The job of the organizer is to discover and uncover these rationalizations, to call them out and challenge their validity.  Usually they exist as vague notions without solid reasoning, like a thin hoar frost that disappears as soon as the sun shines the first warming rays.

As pastoral leader seeking to change your congregation, you must likewise look for the rationalizations of why your people are not acting like the people of God.  It might start with abandoning your own rationalizations of why you can’t grow, in favor of a missional mindset that says you  can do “all things” by the power of “Him who is able to do exceeding abundantly more than you could have thought or imagined.”

Then challenge the people to look to what could occur, instead of why it hasn’t happened yet.

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Alinsky, Saul.  Rules for Radicals: A Pragmatic Primer for Realistic Radicals (NY: Random House/Vintage Books, 1971, reprint 1989), pp108-112

I heard again tonite a podcast I downloaded from Ozark Christian College from David Bycroft on “Celebrating the Small Church.”  He pastors a church of 700 in a Kansas town of 250, and at the time of the sermon was praying for 3000.  Briefly, here’s some of what he said:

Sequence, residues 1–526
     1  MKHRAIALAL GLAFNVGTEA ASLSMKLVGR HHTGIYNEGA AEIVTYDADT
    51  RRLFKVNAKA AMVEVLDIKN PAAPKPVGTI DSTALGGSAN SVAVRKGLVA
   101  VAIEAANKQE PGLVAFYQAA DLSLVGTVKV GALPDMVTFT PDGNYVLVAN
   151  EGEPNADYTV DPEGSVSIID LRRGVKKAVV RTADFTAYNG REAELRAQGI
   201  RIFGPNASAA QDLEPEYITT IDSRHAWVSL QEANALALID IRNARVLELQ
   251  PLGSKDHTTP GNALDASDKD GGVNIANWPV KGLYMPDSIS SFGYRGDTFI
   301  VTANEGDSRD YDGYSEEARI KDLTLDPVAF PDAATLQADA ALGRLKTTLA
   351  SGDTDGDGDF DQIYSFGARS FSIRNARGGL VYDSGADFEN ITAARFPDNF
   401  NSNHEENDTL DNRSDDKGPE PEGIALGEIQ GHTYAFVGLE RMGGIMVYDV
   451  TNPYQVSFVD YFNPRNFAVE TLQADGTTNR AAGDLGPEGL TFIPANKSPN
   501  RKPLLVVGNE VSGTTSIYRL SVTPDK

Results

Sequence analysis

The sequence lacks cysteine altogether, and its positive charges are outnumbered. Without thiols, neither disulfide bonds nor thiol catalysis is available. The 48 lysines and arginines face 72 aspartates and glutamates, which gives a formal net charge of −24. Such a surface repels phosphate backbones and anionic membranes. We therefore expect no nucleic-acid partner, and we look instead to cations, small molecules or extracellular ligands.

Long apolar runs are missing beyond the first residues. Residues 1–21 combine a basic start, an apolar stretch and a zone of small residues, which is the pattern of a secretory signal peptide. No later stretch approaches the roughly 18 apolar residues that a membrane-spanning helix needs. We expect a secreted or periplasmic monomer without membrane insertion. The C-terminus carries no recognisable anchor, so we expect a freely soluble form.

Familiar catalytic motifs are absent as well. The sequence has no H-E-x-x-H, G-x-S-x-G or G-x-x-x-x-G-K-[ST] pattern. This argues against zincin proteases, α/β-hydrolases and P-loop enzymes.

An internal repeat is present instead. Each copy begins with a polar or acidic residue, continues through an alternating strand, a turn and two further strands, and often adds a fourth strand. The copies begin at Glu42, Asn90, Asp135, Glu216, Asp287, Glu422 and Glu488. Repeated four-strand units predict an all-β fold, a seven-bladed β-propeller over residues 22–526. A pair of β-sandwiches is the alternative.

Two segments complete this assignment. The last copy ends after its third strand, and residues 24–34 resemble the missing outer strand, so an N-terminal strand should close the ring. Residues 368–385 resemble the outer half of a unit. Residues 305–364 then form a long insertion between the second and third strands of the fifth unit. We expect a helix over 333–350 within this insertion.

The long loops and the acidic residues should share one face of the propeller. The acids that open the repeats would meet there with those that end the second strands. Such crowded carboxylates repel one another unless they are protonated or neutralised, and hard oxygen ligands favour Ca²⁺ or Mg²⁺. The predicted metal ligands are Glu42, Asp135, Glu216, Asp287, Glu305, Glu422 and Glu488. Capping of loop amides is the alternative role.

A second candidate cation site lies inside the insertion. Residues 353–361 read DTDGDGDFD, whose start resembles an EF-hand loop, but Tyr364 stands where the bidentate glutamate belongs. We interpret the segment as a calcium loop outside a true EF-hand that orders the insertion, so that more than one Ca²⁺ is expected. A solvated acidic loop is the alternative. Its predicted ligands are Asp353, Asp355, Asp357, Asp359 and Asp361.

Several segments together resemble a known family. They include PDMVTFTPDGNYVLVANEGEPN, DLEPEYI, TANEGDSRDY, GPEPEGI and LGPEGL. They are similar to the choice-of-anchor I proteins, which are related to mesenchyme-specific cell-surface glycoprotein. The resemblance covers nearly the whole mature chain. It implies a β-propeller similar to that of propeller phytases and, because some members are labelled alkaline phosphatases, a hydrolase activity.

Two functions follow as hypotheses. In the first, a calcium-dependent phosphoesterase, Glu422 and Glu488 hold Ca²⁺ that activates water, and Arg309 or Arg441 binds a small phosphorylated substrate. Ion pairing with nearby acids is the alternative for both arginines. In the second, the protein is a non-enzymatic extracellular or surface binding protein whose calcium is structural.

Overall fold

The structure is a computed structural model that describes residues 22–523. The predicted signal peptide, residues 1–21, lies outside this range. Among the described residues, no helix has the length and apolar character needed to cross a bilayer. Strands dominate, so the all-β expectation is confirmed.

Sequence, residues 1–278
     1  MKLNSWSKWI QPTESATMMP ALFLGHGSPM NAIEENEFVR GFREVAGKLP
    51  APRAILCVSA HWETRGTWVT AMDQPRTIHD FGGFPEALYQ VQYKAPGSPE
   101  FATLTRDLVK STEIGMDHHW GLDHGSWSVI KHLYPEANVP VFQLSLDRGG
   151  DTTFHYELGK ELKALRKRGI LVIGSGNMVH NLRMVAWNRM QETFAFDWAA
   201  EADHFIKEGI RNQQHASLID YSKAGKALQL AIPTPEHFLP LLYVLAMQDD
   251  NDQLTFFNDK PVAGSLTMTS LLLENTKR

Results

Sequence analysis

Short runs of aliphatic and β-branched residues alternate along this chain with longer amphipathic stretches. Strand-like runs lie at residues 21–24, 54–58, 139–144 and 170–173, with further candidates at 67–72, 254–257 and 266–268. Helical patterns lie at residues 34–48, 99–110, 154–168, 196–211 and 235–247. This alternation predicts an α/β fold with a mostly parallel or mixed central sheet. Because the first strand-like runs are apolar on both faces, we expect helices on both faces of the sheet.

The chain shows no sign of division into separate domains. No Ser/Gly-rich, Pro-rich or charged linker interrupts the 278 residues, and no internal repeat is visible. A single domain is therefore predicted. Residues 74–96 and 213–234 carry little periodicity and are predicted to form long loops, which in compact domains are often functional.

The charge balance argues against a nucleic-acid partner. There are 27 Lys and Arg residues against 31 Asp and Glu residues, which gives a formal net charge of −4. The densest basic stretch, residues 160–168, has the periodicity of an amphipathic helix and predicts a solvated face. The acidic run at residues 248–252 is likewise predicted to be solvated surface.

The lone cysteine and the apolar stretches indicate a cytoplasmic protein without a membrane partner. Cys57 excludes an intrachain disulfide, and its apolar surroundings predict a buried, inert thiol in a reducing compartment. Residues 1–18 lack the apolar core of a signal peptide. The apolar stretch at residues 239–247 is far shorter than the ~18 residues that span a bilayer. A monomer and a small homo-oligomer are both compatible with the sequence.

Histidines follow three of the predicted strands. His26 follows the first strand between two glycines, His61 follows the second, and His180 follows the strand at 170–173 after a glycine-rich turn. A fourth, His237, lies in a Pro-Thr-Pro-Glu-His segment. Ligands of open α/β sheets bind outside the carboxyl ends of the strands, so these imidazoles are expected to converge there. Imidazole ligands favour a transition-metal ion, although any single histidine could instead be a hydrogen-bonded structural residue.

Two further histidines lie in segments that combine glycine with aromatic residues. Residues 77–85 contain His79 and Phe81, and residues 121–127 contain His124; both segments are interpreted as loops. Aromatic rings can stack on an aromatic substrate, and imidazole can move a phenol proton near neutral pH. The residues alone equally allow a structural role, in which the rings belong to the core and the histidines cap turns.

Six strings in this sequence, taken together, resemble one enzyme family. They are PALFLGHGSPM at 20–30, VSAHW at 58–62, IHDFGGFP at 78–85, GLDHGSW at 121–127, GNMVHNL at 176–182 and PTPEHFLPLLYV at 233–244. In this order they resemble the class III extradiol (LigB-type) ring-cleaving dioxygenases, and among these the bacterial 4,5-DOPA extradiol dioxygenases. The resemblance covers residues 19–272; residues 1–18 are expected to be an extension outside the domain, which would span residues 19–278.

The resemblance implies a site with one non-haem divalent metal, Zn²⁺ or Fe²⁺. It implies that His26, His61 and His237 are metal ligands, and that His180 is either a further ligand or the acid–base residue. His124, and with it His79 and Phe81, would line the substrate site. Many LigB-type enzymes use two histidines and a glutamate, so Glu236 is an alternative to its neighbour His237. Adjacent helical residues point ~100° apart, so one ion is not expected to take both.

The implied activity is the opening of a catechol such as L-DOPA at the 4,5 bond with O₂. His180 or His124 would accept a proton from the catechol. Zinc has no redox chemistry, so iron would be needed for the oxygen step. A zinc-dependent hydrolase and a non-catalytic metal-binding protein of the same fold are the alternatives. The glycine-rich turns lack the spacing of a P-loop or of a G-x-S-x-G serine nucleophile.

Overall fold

First, know again that the impossible is possible with God.   You can build a congregation that reaches the lost.  In Bycroft’s terms, the average church takes a sports car and each week turns the ignition and “shifts into neutral,” agreeing to do exactly what was done the week before, getting the same lack of result they’ve gotten every other week.  Instead, Bycroft urged his listeners to be extraordinary by tapping into the power of God .

Second, know that it will take some work.  It will take personal prayer on your part.  You will need to teaching your people HOW to pray effectively. And you need to do what you do with intention, being a church that works hard at being God’s church.

Third, get help if you need it.  If you need to learn more, or need encouragement from seasoned pastors, remember that there are LOTS of free podcasts out there.  OCC is but one of the Christian schools that records their chapel services and makes t he sermons available for free download.  Start here.